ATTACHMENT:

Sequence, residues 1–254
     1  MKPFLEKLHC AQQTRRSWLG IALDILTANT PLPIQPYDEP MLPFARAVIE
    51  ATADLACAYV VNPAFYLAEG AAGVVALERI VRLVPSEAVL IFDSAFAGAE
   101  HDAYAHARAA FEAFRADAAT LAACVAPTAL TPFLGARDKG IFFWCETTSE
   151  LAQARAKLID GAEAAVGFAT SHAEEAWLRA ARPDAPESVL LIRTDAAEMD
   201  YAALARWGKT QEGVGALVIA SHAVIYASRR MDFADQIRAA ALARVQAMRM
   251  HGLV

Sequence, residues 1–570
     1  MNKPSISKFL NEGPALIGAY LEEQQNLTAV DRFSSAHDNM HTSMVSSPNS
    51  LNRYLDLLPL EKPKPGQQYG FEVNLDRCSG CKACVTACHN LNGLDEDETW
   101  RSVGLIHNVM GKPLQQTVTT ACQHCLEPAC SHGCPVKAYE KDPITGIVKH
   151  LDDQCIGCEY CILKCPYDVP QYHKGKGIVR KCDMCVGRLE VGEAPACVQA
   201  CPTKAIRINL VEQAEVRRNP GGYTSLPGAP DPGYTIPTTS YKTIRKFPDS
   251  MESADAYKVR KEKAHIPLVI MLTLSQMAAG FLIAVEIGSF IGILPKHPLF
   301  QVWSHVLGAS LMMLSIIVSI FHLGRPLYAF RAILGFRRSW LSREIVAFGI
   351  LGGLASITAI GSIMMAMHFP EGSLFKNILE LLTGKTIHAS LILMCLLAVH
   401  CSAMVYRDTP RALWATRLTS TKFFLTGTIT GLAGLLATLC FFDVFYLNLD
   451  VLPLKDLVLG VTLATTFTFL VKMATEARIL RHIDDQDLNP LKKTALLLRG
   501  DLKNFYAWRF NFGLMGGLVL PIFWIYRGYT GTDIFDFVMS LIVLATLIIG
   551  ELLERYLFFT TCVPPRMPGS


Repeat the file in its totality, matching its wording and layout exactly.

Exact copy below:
Sequence, residues 1–254
     1  MKPFLEKLHC AQQTRRSWLG IALDILTANT PLPIQPYDEP MLPFARAVIE
    51  ATADLACAYV VNPAFYLAEG AAGVVALERI VRLVPSEAVL IFDSAFAGAE
   101  HDAYAHARAA FEAFRADAAT LAACVAPTAL TPFLGARDKG IFFWCETTSE
   151  LAQARAKLID GAEAAVGFAT SHAEEAWLRA ARPDAPESVL LIRTDAAEMD
   201  YAALARWGKT QEGVGALVIA SHAVIYASRR MDFADQIRAA ALARVQAMRM
   251  HGLV

Sequence, residues 1–570
     1  MNKPSISKFL NEGPALIGAY LEEQQNLTAV DRFSSAHDNM HTSMVSSPNS
    51  LNRYLDLLPL EKPKPGQQYG FEVNLDRCSG CKACVTACHN LNGLDEDETW
   101  RSVGLIHNVM GKPLQQTVTT ACQHCLEPAC SHGCPVKAYE KDPITGIVKH
   151  LDDQCIGCEY CILKCPYDVP QYHKGKGIVR KCDMCVGRLE VGEAPACVQA
   201  CPTKAIRINL VEQAEVRRNP GGYTSLPGAP DPGYTIPTTS YKTIRKFPDS
   251  MESADAYKVR KEKAHIPLVI MLTLSQMAAG FLIAVEIGSF IGILPKHPLF
   301  QVWSHVLGAS LMMLSIIVSI FHLGRPLYAF RAILGFRRSW LSREIVAFGI
   351  LGGLASITAI GSIMMAMHFP EGSLFKNILE LLTGKTIHAS LILMCLLAVH
   401  CSAMVYRDTP RALWATRLTS TKFFLTGTIT GLAGLLATLC FFDVFYLNLD
   451  VLPLKDLVLG VTLATTFTFL VKMATEARIL RHIDDQDLNP LKKTALLLRG
   501  DLKNFYAWRF NFGLMGGLVL PIFWIYRGYT GTDIFDFVMS LIVLATLIIG
   551  ELLERYLFFT TCVPPRMPGS